The one-hour, 10-episode series will spotlight two families from different geographical and social backgrounds that swap spouses. It will showcase hot-button issues like politics, classism, gender and race with the end goal of everyone finding common ground.
During each switch, the new spouses must at first adhere to exactly the same rules and lifestyle of the spouses being replaced, only to later establish their own rules. At the end, the two couples meet for the first time, where they discuss what they learned from the swap and what changes and new rules will remain once they return home.
The original “Wife Swap” ran on ABC from 2004 to 2010. That network also aired the spinoff “Celebrity Wife Swap” from 2012 to 2015. “Wife Swap” is produced by Banijay Studios North America with David Goldberg and Caroline Baumgard serving as executive producers. Banijay Studios North America launched in April 2014. Goldberg, the Banijay Group president, serves as CEO. Baumgard is chief creative officer.
RELATED: Major reality show contestants who died
Major reality show contestants who died
Major reality show contestants who died
Dr. Brandon Rogers, a standout contestant on "America's Got Talent," passed away just weeks before his episode was slated to air. The 29-year-old doctor wowed producers without even auditioning: He occasionally posted singing videos on Instagram, and his incredible voice caught their attention. He tragically died in a car accident.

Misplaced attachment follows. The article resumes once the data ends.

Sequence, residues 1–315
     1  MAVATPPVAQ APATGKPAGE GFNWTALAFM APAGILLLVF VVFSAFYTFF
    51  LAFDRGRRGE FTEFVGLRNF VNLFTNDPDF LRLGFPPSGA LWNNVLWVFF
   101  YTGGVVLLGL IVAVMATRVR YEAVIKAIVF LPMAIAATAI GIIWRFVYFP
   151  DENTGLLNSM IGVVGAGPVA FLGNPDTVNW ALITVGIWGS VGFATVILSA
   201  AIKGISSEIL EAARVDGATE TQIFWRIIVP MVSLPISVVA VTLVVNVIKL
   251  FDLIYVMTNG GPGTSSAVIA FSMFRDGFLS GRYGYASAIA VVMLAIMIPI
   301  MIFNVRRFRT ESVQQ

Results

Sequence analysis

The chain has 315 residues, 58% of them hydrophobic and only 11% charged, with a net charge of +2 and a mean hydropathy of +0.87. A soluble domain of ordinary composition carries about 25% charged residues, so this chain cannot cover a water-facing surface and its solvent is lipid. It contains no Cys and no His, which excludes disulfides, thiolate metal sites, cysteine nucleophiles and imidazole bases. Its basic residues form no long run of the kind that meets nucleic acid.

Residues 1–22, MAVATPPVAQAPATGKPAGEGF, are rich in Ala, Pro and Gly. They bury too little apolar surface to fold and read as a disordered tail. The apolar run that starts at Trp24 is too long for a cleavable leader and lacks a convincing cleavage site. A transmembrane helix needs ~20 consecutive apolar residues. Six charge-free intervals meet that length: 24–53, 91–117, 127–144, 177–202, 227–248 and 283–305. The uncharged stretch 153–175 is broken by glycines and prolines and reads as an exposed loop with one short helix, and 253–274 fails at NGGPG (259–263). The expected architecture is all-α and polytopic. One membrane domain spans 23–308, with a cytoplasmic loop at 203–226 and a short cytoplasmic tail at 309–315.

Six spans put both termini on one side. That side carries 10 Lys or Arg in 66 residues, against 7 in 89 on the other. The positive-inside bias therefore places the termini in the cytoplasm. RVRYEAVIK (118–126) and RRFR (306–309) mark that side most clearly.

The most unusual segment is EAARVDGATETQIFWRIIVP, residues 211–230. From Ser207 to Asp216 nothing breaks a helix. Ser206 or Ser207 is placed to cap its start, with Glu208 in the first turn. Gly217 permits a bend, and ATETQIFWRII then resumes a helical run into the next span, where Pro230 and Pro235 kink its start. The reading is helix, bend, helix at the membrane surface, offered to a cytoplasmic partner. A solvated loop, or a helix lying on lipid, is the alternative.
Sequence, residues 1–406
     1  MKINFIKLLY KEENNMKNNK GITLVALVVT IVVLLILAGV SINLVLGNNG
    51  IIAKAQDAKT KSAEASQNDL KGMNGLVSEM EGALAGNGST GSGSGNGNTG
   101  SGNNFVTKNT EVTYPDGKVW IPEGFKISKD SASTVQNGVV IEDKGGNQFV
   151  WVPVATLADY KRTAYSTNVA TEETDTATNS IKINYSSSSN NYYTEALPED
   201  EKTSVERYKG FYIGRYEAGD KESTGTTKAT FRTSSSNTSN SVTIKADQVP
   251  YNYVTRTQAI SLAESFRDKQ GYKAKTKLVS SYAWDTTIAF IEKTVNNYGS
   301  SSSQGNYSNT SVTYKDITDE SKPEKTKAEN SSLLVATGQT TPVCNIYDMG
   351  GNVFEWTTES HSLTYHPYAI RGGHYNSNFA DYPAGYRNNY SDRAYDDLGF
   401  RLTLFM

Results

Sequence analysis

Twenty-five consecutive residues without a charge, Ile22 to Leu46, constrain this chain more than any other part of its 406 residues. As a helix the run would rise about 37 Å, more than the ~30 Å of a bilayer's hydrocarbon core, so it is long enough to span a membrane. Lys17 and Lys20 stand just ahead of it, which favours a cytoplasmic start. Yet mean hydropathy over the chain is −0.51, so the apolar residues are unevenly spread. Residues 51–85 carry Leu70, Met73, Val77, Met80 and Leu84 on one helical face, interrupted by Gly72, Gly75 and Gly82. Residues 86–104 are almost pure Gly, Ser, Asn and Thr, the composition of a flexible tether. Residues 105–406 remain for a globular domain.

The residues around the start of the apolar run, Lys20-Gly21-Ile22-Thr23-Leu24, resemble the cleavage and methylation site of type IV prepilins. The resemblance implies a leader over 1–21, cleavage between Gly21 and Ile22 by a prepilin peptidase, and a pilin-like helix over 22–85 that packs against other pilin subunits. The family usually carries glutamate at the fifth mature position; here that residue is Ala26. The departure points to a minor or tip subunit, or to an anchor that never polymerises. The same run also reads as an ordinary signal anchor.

Michael Johns was a Top 12 "American Idol" finalist in 2008. He passed away in 2014 at age 35 due to a blood clot in his ankle. The Australian-born singer was well-liked by the judges and received their posthumous recognition: "A truly great guy. Rest in peace Michael," Simon Cowell tweeted, while Randy Jackson wrote, “So Sad. Too soon. Thank you for sharing your talents with us.”
Marque 'Tate' Lynche was a semi-finalist in season 3 of "American Idol." He began his career at an early age, performing along side Ryan Gosling and Justin Timberlake on the "All New Micky Mouse Club" in the early '90s. He was found dead in his apartment at age 34 in 2015 under what police deemed "suspicious circumstances."
Rickey Smith, a contestant on "American Idol" during its second season, was tragically killed in a car crash at age 36 in May 2016. After spending a few years pursuing music in Los Angeles, he had returned to his home state of Oklahoma, where he unfortunately passed away.
2010 "Bachelorette" contestant Julien Hug killed himself in November of the same year. He wrote an emotional suicide note, which was read aloud at his funeral: "I've suffered from severe depression for years. I feel awful and don't know how to cope. If life's not enjoyable, why stick around?"
Jano Fuentes was a popular contestant on the Mexican version of "The Voice" in 2011. Five years later, in 2016, he was in Chicago when a gunman shot him three times in the head. He was the president of a local Chicago music academy and was killed just outside the school. He was 45.
Christina Grimmie was a YouTube sensation long before she hit it big on "The Voice" in 2014. Two years later, at age 22, she was shot and killed by an obsessive fan after a concert in Orlando, FL. The shocking murder stunned the globe, and "The Voice" formally mourned her loss in April 2017 with a special performance from Adam Levine.
A contestant on season 8 of "The Voice," Anthony Riley was an instant frontrunner after his voice elicited the fastest four-chair turnaround in the history of the show. He dropped out of the show to enter rehab and later died of an apparent suicide at age 28 in 2015.
Brooklyn native Alexis Cohen was featured on "American Idol" in 2008 after infamously cursing out the judges. She died in 2009 following a hit-and-run car crash in New Jersey. She was 25.
"Survivor" contestant Dan Kay died unexpectedly on New Year's Eve 2016 at age 40. His family and the local police department have refused to provide any details of his cause of death. His obituary mentioned that his love for adventure led him to compete on "Survivor."